‘Nanette’ so much more than stand-up

A few weeks ago, I used this bit of space here to share my love of “The Great British Baking Show,” and the warm, fuzzy feeling it gives me during tough times.
And I’m still here for it. I stand wholeheartedly by my assertion that nothing soothes a disquieted spirit quite like a little polite competition over pudding.
But as much as I dig escaping into entertainment, I do believe there are times when what we watch shouldn’t be all sugar and spice and Mary Berry being nice.
Sometimes, it’s important to tune into things that take a different tack — that force us to face the uncomfortable truths of our world today. And that do so by making us uncomfortable.
To that end, I can think of no better example on the airwaves today than Netflix’s “Nanette.”
I first heard about it from my friend Angie, who urged our circle of girlfriends to watch via a group text a few weeks ago.
“Okay, Womenz,” she wrote. “I’m giving you an official recommendation (and I think we should do this for each other when something is really moving): the Netflix stand up of Hannah Gadsby. It is the most humanist thing I have seen, in stand up at least. … My face fell off.”
Several days passed before I found myself alone and with the afternoon free — the viewing conditions I had pre-set, based on Angie’s synopsis. I could tell it was going to be intense, and wanted to be sure I’d have time to ruminate afterward.
And, of course, no witnesses, in case I cried.
Good thing, too. Because cry I did.
I also laughed out loud. And got angry. And realized about three-quarters of the way through that I was, quite literally, on the edge of my seat.
To call this special “stand-up” is a bit of a misnomer. Indeed, Gadsby is a comedian by trade. And yes, she is standing up while she talks.
It’s true that in parts it is very funny, packed with anecdotes and amusing stories.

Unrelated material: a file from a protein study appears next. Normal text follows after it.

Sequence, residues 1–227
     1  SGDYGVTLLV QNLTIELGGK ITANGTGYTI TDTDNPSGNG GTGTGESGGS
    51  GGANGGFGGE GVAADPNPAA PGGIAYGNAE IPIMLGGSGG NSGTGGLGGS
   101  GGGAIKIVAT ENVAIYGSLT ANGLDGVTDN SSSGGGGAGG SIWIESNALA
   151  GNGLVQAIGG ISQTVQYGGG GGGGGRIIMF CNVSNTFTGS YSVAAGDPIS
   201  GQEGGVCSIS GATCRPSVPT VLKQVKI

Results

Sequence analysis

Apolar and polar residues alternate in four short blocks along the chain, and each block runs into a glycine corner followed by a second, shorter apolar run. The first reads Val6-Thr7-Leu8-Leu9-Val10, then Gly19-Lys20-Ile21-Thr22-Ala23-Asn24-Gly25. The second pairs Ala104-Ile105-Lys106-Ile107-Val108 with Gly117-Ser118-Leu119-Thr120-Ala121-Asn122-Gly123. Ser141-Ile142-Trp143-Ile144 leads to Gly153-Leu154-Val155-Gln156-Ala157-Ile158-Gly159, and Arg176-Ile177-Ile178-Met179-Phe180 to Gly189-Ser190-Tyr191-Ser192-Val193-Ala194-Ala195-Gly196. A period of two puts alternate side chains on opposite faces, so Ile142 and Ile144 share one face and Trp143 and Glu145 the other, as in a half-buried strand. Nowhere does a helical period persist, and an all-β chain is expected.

But it’s also filled with pain. With anguish. With rage.
What Gadsby delivers here is so much more than a stand-up routine. It’s more like a monologue on the human condition.
You needn’t take my word for it, either (or, alas, even Angie’s). In the weeks since I first watched, “Nanette” has been taking comedians, critics and regular folks like me by storm, eliciting adjectives rarely used for such shows.
“Transformative,” “utterly floored,” “life-changing,” “empowering,” “brave,” “soul-affirming.”
The New York Times called it “an international sensation, the most-talked-about, written-about, shared-about comedy act in years,” adding “in its success Ms. Gadsby has perhaps pointed the art form of stand-up in an altogether new direction, even has she has repeatedly vowed, onstage, to quit the business.”
That’s right. Rather than ride the wave of her many accolades, the woman behind “Nanette” has vowed to leave comedy altogether.
After watching this show, I understand why.
I really hope, however, that she doesn’t.
There are many balms for the soul.
Laughter is one.
Honesty is another.
Which we need most right now, I don’t know.
But with this special, Gadsby has proven to be proficient in providing both.

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